Shenandoah National Park closes

This old building remains from the Upper Pocosin Mission within the Shenandoah National Park Boundary in Greene County.

In response to numerous requests from surrounding counties regarding the COVID-19 pandemic, Shenandoah National Park is closed last Wednesday until further notice. Virginia highways 211 and 33 remain accessible to pass through, however. 

According to a press release from the park, the National Park Service received a letter from the Rappahannock Rapidan Health District (RRHD) of the Virginia Department of Health recommending the full closure of the park. The RRHD includes Madison and Rappahannock counties which border the Shenandoah.

Sally Hubert, public information officer with the Shenandoah, said it was the only letter they received from the department of health asking for a full closure.

However ever since the first requests from Virginia Gov. Ralph Northam came down on March 13, the park has been overrun with visitors. Both Rappahannock and Madison counties requested closure of the trailheads at the boundaries in those counties. Then Page County did. Next, the park service attempted to limit the number of visitors by closing Skyline Drive from Swift Run Gap in Greene County north to Warren County.

“This whole time we’ve been trying to strike a balance,” Hubert said. “We tried closure of Skyline Drive north and it just shifted the people into other areas. We were just having trouble maintaining the right balance. Closing is for the protection of the people coming in and it’s for the protection of our staff, as well as those in boundary counties as visitors pass through to the park.”

Late Tuesday, April 7, Greene County submitted a letter to Jennifer Flynn, Superintendent of Shenandoah National Park, asking for closure of the trailheads in Greene County. There are eight boundary access points into the park in Greene.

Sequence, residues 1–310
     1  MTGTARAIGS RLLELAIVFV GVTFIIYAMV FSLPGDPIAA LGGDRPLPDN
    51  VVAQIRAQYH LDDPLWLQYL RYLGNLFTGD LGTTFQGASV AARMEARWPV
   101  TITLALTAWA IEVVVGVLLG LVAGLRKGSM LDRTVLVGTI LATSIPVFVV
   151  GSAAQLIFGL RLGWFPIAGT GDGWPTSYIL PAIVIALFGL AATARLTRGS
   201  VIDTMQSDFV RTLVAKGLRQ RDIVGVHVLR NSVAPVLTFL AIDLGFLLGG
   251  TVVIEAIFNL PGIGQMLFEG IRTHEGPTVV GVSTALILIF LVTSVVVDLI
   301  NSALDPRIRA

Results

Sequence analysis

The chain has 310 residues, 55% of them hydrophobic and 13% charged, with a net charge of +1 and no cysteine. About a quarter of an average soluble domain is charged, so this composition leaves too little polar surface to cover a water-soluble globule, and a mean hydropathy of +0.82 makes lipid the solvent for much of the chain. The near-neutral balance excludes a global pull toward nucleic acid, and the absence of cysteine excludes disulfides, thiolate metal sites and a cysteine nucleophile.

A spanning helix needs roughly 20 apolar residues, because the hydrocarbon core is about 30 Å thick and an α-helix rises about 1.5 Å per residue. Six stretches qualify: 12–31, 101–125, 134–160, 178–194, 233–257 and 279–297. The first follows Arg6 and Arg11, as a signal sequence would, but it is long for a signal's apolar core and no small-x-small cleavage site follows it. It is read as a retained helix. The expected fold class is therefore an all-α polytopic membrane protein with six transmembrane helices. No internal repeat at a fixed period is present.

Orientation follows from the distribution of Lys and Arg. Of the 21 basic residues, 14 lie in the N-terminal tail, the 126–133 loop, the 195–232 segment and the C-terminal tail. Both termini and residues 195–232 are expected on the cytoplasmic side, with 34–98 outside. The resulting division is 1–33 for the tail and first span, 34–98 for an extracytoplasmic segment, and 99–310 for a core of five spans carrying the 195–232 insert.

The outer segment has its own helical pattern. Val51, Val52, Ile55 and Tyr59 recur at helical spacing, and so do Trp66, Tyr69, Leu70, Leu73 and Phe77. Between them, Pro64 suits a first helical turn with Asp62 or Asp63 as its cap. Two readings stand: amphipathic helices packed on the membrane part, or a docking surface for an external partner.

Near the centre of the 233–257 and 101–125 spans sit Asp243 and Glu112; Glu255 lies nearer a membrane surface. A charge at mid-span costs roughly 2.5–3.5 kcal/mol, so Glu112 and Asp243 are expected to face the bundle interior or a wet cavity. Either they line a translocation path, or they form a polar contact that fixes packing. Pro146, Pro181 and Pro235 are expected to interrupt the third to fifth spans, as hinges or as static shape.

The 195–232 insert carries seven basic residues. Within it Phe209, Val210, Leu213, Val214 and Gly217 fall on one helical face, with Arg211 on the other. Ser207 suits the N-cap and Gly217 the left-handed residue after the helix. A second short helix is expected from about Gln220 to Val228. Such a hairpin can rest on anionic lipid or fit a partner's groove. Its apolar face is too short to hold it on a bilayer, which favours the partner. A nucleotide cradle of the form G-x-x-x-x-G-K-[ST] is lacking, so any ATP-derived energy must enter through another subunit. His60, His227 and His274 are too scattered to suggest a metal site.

“The board (of supervisors) feels that these temporary closures will aid in preventing the continued spread of COVID-19 throughout our community,” Chair Bill Martin, Stanardsville, wrote in the letter.

Hulbert noted the entire park is closed—from back country to trails to Skyline Drive, and that includes bicycle riding on the drive.

She said she had not heard of any park staff being diagnosed with COVID-19, though the majority of park staff is telecommuting where able.

The National Park Service has many digital tools available to explore not only Shenandoah National Park, but the other 62 national parks throughout the country or the more than 400 national park sites.

Visit the website www.youtube.com/user/ShenandoahNPS for little videos about the park. For those youngsters who are interested in the Junior Ranger Program, Hulbert said they can download the book from the website at www.nps.gov/shen and some of the activities can be done in their own backyards. The park will announce when it opens again on its site but also its Facebook, Twitter and Instagram accounts.

“This is the time to learn about this park and other parks, and then plan your next trip when everything opens back up,” Hulbert said.

Editor, Greene County Record

Terry Beigie is the Editor of the Greene County Record in Stanardsville. She can be reached at tbeigie@greene-news.com or (434) 985-2315.

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